What started out as an assignment in a feature writing course for the Global Business Journalism program at Tsinghua University evolved into a major feature on the website of Foreign Policy magazine.
Eric Fish, a second-year student in the master's program co-sponsored by ICFJ, became interested in the annual ritual of several weeks of military training that most university freshmen in China have to undergo. It involves marching, physical training and patriotic education.
With the encouragement of Professor Lee Miller, Fish expanded and polished the article. Miller said he mainly asked Fish to gather more evidence to buttress various assertions. Professor Joseph Weber read a later draft and made suggestions.
Fish, 26, said the hardest part of the story was getting official sources to talk to him on the record. They are reluctant to put their careers at risk. "You have to be careful in your work," he said. "Everyone you talk to can get burned."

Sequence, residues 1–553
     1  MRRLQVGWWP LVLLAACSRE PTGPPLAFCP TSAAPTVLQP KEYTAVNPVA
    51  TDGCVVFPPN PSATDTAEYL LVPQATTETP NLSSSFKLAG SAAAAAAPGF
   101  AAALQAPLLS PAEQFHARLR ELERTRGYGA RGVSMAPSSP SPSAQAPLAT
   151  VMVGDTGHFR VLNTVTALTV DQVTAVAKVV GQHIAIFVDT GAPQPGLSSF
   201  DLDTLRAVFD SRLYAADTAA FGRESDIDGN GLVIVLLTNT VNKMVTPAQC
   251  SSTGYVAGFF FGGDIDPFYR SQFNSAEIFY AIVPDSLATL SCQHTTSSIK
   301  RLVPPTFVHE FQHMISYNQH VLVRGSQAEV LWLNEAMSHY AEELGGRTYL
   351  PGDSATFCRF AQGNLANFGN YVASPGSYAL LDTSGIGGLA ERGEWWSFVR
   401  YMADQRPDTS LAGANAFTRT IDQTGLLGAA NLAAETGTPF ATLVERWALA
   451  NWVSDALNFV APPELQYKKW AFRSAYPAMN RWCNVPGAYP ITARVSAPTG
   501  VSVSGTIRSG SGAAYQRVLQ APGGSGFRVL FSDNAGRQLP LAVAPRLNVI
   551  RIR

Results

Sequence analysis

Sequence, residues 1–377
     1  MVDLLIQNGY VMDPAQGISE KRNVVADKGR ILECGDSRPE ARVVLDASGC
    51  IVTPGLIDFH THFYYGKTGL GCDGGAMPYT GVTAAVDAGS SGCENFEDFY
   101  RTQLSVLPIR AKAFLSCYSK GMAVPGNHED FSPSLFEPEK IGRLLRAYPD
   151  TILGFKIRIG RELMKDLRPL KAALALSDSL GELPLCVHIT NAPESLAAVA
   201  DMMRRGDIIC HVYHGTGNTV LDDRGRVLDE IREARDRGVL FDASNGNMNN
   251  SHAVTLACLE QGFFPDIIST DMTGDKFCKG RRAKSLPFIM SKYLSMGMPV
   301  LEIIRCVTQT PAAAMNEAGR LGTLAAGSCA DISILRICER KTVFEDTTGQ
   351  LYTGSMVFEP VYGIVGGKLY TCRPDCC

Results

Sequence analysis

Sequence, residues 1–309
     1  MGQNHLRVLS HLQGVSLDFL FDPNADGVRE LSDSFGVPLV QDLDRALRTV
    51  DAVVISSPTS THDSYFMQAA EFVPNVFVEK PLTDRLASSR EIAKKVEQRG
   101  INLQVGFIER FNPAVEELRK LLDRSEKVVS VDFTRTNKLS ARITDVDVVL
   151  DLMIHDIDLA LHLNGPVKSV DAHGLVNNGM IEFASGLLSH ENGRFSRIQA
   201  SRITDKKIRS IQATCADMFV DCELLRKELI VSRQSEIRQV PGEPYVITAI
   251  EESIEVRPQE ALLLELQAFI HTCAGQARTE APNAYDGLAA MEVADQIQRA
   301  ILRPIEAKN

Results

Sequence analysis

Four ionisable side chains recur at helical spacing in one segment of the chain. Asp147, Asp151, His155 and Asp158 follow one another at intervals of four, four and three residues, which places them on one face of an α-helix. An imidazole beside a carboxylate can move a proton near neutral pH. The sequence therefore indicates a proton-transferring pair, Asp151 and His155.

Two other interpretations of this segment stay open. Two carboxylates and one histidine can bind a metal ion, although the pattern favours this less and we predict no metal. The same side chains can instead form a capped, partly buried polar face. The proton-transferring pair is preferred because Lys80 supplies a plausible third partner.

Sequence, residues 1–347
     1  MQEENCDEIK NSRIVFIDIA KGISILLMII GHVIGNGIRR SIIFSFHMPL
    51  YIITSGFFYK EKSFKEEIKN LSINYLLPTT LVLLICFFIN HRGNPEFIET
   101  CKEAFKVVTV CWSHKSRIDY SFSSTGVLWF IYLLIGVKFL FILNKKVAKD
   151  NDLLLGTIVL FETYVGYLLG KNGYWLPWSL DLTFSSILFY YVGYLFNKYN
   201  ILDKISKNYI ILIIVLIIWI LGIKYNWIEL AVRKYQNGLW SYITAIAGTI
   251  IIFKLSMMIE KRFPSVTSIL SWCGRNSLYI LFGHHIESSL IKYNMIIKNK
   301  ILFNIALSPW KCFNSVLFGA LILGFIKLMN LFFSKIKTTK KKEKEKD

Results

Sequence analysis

Fish, 26, is a native of Kansas City. He majored in political science at the University of Kansas and then taught English in Nanjing for three years. While there he started freelancing for a city magazine and then for Global Times, the English version of the People's Daily. "China is maybe the most interesting place to do journalism in the world," he said.
He decided to pursue journalism further at Tsinghua. "I have a lot of Chinese professors who are teaching us about politics and then I have international professors who teach journalism, so I have the best of both worlds." Being in Beijing has the advantage of proximity to leaders in business and politics.
He rates his Mandarin at 6 on a scale of 10. And although his mother keeps asking him when he is coming home, Fish does not see that happening soon. He hopes to land a journalism job in China with a Western media company.